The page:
Heartland Institute Experts React to President Obama’s Executive Order on Guns

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Heartland Institute Gun-Rights Expert: "There’s almost no link between violence and gun laws."

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Steve Stanek, research fellow, The Heartland Institute

This is the safest the nation has been in at least 50 years, when there were almost no gun control laws compared to today, showing there’s almost no link between violence and gun laws

President Barack Obama today announced 10 new executive actions he says are designed to reduce gun violence in the United States. Among the measures are strengthening background checks for the purchase of firearms, increased mental health reporting into the background check system, and increasing the budget of the Bureau of Alcohol, Tobacco, and Firearms.

The following statements from Second Amendment experts at The Heartland Institute – a free-market think tank – may be used for attribution. For more comments, refer to the contact information below. To book a Heartland guest on your program, please contact Director of Communications Jim Lakely at jlakely@heartland.org and 312/377-4000.

“Obama’s hometown of Chicago saw 467 murders in 2015 and 943 murders as recently as 1992. Nationally, the murder rate is less than half what it was in the early 1990s and similar to early 1960s levels, when there were no background checks, waiting periods, or age limits to buy guns, no licensing of gun dealers, and no Bureau of Alcohol, Tobacco and Firearms.

“These facts tell us at least two things: 1) This is the safest the nation has been in at least 50 years, when there were almost no gun control laws compared to today, showing there’s almost no link between violence and gun laws, and 2) the nation’s major news media and politicians are making America sound much scarier than it really is. They’ve done this knowing that frightened people are more willing to hand power to government.”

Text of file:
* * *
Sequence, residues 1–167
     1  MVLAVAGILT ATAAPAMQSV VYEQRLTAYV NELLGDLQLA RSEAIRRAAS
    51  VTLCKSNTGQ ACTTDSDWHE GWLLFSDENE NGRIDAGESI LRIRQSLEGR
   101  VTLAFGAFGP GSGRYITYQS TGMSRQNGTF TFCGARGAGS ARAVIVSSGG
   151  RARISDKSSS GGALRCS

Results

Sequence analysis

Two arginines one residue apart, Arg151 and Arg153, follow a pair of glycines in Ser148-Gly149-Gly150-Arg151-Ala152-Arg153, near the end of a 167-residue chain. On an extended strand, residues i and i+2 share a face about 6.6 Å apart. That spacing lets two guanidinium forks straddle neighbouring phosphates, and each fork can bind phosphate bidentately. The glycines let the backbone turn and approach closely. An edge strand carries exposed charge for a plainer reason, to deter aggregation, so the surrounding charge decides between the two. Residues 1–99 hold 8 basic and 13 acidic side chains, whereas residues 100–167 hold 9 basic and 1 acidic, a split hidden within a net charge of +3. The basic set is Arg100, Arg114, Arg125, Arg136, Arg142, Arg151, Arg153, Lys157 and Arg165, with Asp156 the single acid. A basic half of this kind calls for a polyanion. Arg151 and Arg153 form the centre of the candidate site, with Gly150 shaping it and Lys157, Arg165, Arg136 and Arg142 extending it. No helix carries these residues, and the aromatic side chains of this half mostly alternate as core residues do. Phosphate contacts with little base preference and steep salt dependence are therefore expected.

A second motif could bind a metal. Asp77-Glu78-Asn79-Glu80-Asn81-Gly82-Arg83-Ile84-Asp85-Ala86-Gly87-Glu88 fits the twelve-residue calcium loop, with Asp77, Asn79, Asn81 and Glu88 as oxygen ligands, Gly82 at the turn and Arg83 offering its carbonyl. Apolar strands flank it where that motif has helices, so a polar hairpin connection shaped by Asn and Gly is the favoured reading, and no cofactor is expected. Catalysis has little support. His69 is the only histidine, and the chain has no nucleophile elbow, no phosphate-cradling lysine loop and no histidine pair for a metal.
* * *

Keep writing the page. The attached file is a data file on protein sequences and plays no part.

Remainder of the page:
Steve Stanek
Research Fellow
The Heartland Institute
sstanek(at)heartland(dot)org
312/377-4000

“Gun buyers and sellers should follow federal and state laws and disregard the president’s feckless ‘orders.’ It is a diversion from problems of war in the Middle East, terrorism in the West, slow recovery, huge buildup of national debt, China assertion of power in Asia, Russian incursions in Europe, etc. Media and citizens should not take the bait.”

Michael Warder
Vice Chancellor (retired), Pepperdine University
Principal, The Warder Consultancy
michael(at)thewarderconsultancy(dot)com
312/377-4000

“According to the White House, the Bureau of Alcohol, Tobacco, and Firearms will not have any clear rule on who qualifies as being ‘in the business’ of selling guns. Rather, it will have a vague standard that seems designed to create regulatory uncertainty and effectively obstruct any statutory safe harbor in 18 U.S.C.(a)(21)(C). Under the ATF’s approach ‘even a few transactions, when combined with other evidence, can be sufficient to establish that a person is “engaged in the business.”’ Such factors include ‘whether the seller processes credit cards, rents tables at gun shows and has formal business cards.’

“The main point of this approach appears to be to create uncertainty for non-business dealers. The statute passed by Congress is clearly intended to apply only to those who pursue gun sales as a substantial part of their ‘livelihoods.’ However, under the ATF’s guidance it will be very hard for people to know in advance whether they will be considered ‘engaged in the business.’ Combined with the White House’s announcement that greater enforcement resources will be dedicated to these issues, the intended and likely effect will be to scare away those who legitimately do not need a license under current law.”

Eugene Kontorovich
Professor of Law, Northwestern University
Policy Advisor, Legal Affairs
The Heartland Institute
e-kontorovich(at)law(dot)northwestern(dot)edu
312/377-4000

The Heartland Institute is a 32-year-old national nonprofit organization headquartered in Arlington Heights, Illinois. Its mission is to discover, develop, and promote free-market solutions to social and economic problems. For more information, visit our Web site or call 312/377-4000.

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Heartland Institute
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